The United States has several privacy laws applicable to particular types of records or businesses. Some of these laws establish privacy standards that have bearing on a decision by a business to use a cloud provider. Others laws do not. Some laws specifically allow a business to share personal information with another company that provides support services to the business. Specific statutory references to the use of a service provider have no apparent pattern in privacy laws. Some privacy laws have them; some do not.For example, the Gramm-Leach-Bliley Act restricts financial institutions from disclosing a consumer’s personal financial information to a non-affiliated third party. Disclosure to a service provider is generally not restricted. However, the terms under which information is disclosed and the rights acquired by service providers could make a difference to the legality of the disclosure or subsequent use.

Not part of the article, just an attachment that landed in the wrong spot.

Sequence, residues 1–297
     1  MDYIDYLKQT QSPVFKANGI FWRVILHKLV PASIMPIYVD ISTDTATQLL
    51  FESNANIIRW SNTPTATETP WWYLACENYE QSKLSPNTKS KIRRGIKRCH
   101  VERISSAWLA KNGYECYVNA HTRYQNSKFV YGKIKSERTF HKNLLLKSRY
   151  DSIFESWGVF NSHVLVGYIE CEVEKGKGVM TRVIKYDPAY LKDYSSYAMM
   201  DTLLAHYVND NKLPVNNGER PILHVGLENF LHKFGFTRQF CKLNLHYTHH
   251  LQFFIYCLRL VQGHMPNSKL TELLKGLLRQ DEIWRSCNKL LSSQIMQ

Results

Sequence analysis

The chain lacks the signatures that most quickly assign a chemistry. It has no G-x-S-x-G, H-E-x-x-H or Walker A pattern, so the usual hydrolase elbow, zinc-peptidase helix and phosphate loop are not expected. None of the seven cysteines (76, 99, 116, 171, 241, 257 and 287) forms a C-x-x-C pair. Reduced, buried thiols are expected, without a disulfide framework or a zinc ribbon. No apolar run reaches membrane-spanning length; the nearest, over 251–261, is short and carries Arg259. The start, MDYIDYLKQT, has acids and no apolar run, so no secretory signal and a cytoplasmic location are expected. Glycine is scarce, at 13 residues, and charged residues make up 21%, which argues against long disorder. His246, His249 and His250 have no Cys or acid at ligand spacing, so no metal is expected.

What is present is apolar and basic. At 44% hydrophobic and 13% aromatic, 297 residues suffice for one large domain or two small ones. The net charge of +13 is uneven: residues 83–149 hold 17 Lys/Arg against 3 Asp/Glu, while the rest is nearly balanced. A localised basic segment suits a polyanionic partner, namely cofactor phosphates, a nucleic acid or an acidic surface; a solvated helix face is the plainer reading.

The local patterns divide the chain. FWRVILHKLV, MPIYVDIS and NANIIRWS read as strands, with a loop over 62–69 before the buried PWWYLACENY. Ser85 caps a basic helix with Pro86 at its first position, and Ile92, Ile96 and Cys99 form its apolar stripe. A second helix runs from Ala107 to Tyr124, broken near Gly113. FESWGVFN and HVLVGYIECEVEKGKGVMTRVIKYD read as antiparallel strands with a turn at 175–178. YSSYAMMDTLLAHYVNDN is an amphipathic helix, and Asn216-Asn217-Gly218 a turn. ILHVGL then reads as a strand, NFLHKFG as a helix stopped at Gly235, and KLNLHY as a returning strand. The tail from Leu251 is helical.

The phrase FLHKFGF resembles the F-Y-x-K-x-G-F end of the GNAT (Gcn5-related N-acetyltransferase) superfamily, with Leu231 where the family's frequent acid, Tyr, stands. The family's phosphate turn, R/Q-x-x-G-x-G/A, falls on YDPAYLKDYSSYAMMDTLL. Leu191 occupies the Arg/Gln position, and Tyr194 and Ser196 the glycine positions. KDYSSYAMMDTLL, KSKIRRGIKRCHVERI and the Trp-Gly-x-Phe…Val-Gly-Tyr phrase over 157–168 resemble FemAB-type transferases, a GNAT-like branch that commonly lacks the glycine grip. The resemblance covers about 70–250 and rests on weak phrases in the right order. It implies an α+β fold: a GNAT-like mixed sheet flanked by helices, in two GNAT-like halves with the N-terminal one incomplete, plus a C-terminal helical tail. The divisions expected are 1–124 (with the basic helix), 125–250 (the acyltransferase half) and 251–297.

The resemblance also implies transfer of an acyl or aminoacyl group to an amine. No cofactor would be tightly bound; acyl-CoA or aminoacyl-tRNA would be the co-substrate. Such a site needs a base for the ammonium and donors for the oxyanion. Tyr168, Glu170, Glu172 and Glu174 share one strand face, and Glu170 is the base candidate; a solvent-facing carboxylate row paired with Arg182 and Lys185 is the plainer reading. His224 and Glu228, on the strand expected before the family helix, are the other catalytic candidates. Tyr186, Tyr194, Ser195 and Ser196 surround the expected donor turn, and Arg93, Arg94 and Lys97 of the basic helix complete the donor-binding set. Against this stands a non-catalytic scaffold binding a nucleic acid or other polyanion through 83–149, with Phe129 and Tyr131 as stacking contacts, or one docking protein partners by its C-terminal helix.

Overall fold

The same conclusion applies to video rental records protected by the Video Privacy Protection Act and to cable television subscriber records protected by the Cable Communications Policy Act. These particular laws may not directly prevent the use of a cloud provider.
Other laws, however, do limit the use of a cloud provider. The next section analyzes the consequences of laws affecting decisions about using cloud computing for business data. Both procedural and substantive barriers to the use of cloud computing exist for some records and some businesses.
HIPAA and Business Associate Agreements